Boston Celtics vs. Cleveland Cavaliers: Big games mean something in the NBA

Tuesday, October 27, 2009

Damn it, Rajon Rondo and Danny Ainge, why couldn't you have come to an agreement for a contract? Damn it, Glen Davis, why did you have to go around getting into "altercations" with your old college buddy? Damn it, Shelden Williams, why do you have to be in the f---ing rotation now?

Okay, that's it for my venting about the tough day the Celtics went through yesterday on the eve of a new season. Today, I'll have my basketball playlist on: "You're the Best Around" from Karate Kid, "One Shining Moment" immortalized by the NCAA tournament, and the entire Hoosiers soundtrack. Maybe even a little bit of Busta Rhymes' "We Made It." Or Nelly's "Heart of a Champion." Or Eminem's "Till I Collapse."

Hell, I already watched Hoosiers last night. Then slept in my Paul Pierce jersey for good luck. You might call me obsessed, or maybe just strange, but these are the things you do when basketball is your religion, a couch your church pew and Tommy Heinsohn your preacher.

If you haven't guessed, there's a game to play tonight. And it counts. Just in case that weren't enough incentive, it's against Lebron, Shaq and the Cavs. The team many predict to be the best in the Eastern Conference, and the East's number one seed last year.

Most coaches could talk until they're blue in the face about how one regular season game means very little. After all, an NBA season is 82 games long and one game means little to a team's final record. One regular season game in and of itself means nothing. Does anyone remember that the Celtics beat the Cavs on opening night last year? Chances are you didn't. But you sure as hell remember game seven against Orlando. Coaches would probably remind you not to read too much into a regular season game.

But I'm not a coach, and no matter how much you can say a regular season game means nothing, tonight's game is important. It will set the tone for the season and will determine the early frontrunner for Eastern Conference champion. Two seasons ago, the Celtics came out of the gates like lions preying on unsuspecting food; they smacked the Wizards on opening night by some ridiculous margin, in the process setting the tone for a championship season. Last season, the C's opened with a sluggish 90-85 victory over the Cavs. While the Celtics' 62-win season was nothing to laugh at, they never regained the dominant form they displayed in 2007-08. They were still very good, still one of the best teams in the league, but never dominant.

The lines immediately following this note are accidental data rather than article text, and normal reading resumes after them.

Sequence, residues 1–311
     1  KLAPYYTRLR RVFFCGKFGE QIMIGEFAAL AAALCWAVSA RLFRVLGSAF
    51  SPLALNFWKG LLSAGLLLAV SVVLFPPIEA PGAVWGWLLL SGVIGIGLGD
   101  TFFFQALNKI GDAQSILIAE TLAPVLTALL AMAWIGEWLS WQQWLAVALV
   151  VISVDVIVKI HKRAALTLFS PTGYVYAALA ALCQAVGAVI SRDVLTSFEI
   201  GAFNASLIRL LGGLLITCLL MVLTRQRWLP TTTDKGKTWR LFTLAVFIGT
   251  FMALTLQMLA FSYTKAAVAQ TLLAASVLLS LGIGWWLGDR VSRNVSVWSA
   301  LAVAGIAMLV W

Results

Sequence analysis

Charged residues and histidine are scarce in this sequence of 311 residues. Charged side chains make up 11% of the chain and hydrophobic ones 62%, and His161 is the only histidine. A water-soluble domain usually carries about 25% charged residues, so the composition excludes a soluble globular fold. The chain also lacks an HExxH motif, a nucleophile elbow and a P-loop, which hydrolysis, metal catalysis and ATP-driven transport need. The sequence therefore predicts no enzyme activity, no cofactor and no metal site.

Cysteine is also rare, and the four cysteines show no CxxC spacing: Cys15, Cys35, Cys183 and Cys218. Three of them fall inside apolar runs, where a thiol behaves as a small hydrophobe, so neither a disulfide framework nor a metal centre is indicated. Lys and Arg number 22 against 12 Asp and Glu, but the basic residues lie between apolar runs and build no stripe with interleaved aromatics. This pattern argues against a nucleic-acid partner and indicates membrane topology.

Have there been teams that have won the NBA championship after losing their opening-night game? Of course. But I refuse to believe a single regular season game doesn't matter, and especially one on opening night, played against a rival. On any given night in the NBA, even the best teams can lose to a team like the Kings. The gap between the top teams and the bottom teams just isn't large enough where even the top contenders can get away with a lackadaisical effort. But when the lights are on and two contending rivals are playing, especially in an opening-night game where the emotions are running high, the game simply means something.

Tonight, both teams are going to give a full effort. That's a given. It's the season's first game and there will be excitement, passion and intensity in every player on the floor. Last year, I was underwhelmed by the Celtics in situations like this. The last time we saw the C's play a big regular season game, they were getting steamrolled by these very Cavs, 107-76. The Celtics also lost both games against the Lakers last year, including a Christmas day game that served as the first rematch of the 2008 Finals.

When rivalry games, or even just two games between top teams, are played, both teams are playing hard. And when both teams are playing hard, it's the team that executes more effectively that wins. So maybe you can't tell a lot about a team based on a normal regular season game, but when the ball is tipped between two of the best teams in the league and both teams leave their hearts on the floor, a good deal is learned about both teams.

Last year, the Celtics just plain old may not have been good enough to win the championship. I've written a few times that the Celtics very well could have won a championship had Kevin Garnett stayed healthy. But, to be honest, the signs were there that they just weren't as good as the Lakers... even before the KG injury derailed any hopes they had for a repeat. In the big games, the Celtics were outclassed by their opponents – a big warning flag.